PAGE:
British actor Daniel Mays has discussed his relief that his brief performance in Rogue One: A Star Wars Story managed to survive the cutting room floor.
He said he was like a “fanboy” on the set and explained that the secrecy and security of being involved in Star Wars was “on another level”.
“It was an amazing day. I was on the reshoots,” Mays said to Yahoo Movies UK in an interview promoting his new movie Fisherman’s Friends.
He added: “I was just thankful that I didn’t hit the cutting room floor because you could have dropped that character. But in actual fact, when I watch that film back, it’s a really good scene.
“It’s an integral part to that movie because Diego Luna’s character assassinates me. Rogue One is dark, isn’t it? All of those characters snuff it and I’m the first one to go. I thought that, as a standalone Star Wars film, it was right up there with the very best.”
Mays played insurgent figure Tivik in the film, who served as an informant for Diego Luna’s rebel character Cassian Andor. Tivik informs the rebels of the existence of the Death Star.
He’s killed by Andor when Stormtroopers arrive on the scene, as the rebel fighter does not want his wounded informant to be captured by the forces of the Empire.
The 40-year-old actor, who has appeared in numerous films and television programmes including Line of Duty and the Dad’s Army movie remake, said he and his family are big fans of the franchise.
He said: “I was absolutely like a fanboy. I love Star Wars and so does my son, so it was the coolest thing I could’ve been in, in terms of telling my son the news. But I loved it.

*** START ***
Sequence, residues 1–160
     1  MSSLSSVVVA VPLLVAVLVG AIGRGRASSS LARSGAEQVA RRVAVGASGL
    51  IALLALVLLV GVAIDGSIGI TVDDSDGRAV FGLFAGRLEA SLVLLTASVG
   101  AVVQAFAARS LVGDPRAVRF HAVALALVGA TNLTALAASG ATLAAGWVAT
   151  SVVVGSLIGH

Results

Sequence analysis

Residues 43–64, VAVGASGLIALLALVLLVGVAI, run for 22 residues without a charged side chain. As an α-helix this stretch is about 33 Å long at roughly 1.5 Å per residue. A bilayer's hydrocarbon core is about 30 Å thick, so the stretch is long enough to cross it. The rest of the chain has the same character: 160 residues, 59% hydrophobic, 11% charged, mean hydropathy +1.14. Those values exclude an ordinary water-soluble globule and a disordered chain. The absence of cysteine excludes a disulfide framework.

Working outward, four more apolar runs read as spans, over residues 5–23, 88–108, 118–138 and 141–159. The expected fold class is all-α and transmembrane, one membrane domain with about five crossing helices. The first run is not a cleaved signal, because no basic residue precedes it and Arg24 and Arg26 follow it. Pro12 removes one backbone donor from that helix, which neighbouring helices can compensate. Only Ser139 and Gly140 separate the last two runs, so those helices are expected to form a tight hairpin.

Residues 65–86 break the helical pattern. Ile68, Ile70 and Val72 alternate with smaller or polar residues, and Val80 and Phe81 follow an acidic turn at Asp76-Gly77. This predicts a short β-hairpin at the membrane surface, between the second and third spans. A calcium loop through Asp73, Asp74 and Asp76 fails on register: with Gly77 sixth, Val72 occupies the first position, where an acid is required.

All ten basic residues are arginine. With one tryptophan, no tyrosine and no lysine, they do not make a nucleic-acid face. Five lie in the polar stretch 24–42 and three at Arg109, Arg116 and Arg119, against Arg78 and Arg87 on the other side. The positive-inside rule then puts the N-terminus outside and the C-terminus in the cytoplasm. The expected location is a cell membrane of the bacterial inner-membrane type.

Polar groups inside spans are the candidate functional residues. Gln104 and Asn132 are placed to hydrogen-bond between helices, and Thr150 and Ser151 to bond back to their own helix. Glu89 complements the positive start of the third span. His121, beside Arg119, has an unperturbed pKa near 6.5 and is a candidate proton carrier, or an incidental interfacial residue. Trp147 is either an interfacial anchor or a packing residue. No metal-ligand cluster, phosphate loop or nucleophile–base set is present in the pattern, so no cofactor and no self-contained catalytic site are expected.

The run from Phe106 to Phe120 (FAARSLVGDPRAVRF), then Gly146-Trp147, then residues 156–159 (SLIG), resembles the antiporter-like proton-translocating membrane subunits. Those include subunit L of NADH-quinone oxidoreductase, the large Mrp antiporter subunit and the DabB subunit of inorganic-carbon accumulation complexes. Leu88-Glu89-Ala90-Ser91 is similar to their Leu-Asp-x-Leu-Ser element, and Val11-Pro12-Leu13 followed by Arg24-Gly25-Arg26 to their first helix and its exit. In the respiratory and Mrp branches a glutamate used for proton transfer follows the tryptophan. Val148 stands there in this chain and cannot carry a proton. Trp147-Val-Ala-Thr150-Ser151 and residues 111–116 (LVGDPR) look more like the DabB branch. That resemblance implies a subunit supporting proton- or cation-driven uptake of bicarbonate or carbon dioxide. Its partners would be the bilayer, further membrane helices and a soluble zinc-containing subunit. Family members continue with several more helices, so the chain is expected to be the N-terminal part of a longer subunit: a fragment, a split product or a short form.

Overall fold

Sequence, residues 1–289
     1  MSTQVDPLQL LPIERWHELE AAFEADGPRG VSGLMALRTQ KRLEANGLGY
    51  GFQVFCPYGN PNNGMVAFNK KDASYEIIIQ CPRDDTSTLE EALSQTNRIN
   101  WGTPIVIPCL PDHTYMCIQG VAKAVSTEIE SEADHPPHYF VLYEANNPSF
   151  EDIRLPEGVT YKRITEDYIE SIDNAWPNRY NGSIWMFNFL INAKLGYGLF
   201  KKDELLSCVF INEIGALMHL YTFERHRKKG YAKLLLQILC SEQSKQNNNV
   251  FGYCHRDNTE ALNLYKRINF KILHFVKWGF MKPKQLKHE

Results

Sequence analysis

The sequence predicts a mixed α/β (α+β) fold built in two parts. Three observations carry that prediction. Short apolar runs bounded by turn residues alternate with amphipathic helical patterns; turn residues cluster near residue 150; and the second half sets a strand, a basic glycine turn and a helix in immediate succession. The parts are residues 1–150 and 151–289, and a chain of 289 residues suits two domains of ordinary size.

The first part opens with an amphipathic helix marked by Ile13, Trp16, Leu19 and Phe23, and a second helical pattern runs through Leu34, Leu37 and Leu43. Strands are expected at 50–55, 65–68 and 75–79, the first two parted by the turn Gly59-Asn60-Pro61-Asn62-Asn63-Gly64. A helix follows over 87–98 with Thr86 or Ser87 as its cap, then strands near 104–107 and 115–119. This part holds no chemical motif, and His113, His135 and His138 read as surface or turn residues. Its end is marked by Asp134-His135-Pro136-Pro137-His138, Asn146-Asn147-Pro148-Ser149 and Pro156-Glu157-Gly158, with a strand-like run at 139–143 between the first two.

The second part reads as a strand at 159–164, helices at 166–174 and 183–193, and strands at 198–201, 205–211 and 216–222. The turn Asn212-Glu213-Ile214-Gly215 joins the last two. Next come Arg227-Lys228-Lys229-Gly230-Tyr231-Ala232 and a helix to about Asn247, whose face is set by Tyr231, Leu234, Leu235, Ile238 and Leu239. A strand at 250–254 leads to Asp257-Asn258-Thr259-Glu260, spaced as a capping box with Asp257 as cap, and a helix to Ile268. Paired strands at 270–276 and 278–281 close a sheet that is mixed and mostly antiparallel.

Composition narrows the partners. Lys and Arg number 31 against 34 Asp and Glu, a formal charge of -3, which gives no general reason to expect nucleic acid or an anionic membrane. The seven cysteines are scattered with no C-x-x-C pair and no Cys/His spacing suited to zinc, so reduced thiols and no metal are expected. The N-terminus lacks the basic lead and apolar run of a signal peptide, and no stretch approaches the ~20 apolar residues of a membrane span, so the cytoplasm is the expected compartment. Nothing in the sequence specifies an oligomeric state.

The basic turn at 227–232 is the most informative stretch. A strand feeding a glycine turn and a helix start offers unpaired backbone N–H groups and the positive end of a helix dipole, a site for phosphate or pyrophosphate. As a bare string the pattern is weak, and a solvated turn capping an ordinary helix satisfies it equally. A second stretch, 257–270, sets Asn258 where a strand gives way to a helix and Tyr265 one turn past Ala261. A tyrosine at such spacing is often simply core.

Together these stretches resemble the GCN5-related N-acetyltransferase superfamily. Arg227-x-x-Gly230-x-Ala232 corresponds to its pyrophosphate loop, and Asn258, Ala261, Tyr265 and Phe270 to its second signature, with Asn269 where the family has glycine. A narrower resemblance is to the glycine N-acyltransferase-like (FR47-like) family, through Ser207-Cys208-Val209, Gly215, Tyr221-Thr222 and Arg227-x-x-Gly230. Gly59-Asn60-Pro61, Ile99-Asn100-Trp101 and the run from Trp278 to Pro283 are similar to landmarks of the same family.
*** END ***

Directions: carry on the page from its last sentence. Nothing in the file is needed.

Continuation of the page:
“To cap it all, the Stormtroopers are in the scene as well. The level of creativity and professionalism, costume and set design, was just on another level. It was extraordinary.”
Mays added that he was impressed by the level of secrecy that goes into the filming of a Star Wars adventure.
He said: “You can’t tell anyone you’re in it. You go to set in a big, black cloak so no one sees your costume. Your script for the day has to be signed out at the beginning of the day and checked back out at the end. It’s on another level.”
In Fisherman’s Friends, Mays portrays city boy music executive Danny Anderson, who falls for the natural talent of a Cornish group of singing sailors. He also finds love with local girl Alwyn, played by Tuppence Middleton.
The film is based on the true story of the titular group, who rose from obscurity to chart success and eventually performed on the Pyramid Stage at Glastonbury.
Fisherman’s Friends is in cinemas this Friday, 13 March.